Pouring latte art: need formal, detailed instructions - Page 2

Beginner and pro baristas share tips and tricks.
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#11: Post by thax »

thaxton wrote:the point is that every machine frothes is a gently different manner. Sometimes it's better to place the wand in the middle of the pitcher, sometimes provoking a whirl works better.
What really matters is how much foam you produce from a certain amount of milk. The more milk the thicker the foam, so if you want to pour latteart, it must be really liquid.
Stretch the milk by placing the wand tip just before the surface, then 'polish' it by placing it deeper to get rid of big bubbles. If the foam is not liquid and shiny, don't pour it to avoid wasting espresso.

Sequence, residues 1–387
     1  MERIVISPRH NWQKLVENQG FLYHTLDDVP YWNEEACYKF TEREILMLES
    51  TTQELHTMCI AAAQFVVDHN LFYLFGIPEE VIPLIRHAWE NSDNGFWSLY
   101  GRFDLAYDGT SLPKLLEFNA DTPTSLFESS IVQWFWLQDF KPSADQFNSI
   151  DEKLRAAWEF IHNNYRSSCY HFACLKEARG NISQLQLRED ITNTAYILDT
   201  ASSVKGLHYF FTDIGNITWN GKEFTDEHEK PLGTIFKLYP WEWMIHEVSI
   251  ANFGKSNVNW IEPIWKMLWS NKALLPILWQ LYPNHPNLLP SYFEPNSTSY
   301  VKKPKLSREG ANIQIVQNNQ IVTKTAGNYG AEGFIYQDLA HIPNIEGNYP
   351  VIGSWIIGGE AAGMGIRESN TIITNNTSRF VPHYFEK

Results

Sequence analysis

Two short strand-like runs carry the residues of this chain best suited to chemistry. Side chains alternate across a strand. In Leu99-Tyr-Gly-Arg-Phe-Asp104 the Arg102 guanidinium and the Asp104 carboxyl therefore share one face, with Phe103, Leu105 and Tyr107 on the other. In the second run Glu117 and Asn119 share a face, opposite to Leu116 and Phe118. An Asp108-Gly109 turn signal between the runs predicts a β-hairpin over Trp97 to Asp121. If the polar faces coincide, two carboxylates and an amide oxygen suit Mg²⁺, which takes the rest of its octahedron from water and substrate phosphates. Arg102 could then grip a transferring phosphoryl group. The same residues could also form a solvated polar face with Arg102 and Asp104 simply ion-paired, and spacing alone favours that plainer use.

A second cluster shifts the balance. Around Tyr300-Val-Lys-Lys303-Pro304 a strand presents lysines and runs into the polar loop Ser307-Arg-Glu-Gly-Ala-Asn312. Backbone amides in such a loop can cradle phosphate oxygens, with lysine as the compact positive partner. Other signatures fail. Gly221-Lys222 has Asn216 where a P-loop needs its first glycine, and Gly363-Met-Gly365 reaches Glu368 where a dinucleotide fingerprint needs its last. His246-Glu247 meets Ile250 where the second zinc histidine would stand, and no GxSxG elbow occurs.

I wondered who got my name on this forum! This feels so Twilight Zone as I am not used to seeing "Thaxton" unless it is me. Well I'll share... This time.

I am with Randy G. on this one, a little cooler and like latex paint in consistancy. But what do I know I have been trying this latte art thing for almost a whole week :roll:

This is my sixth try ever and the only one I didn't drink rapidly to get rid of the evidence.

I am using the ghetto wide lipped Breville steaming pitcher, I need to get one of those cool pointy ones.

LMWDP #224


#12: Post by RE*AC*TOR »


It looks to me like you have the basics. Actually I would say you have more than the basics judging by your rosetta + 2 hearts. :shock:

I think all you need is more practice, you will improve naturally.

@thax - sixth try ever? Very good. I'd say my first 20-30 tries were much more abstract, kind of like picking shapes out of clouds. :lol: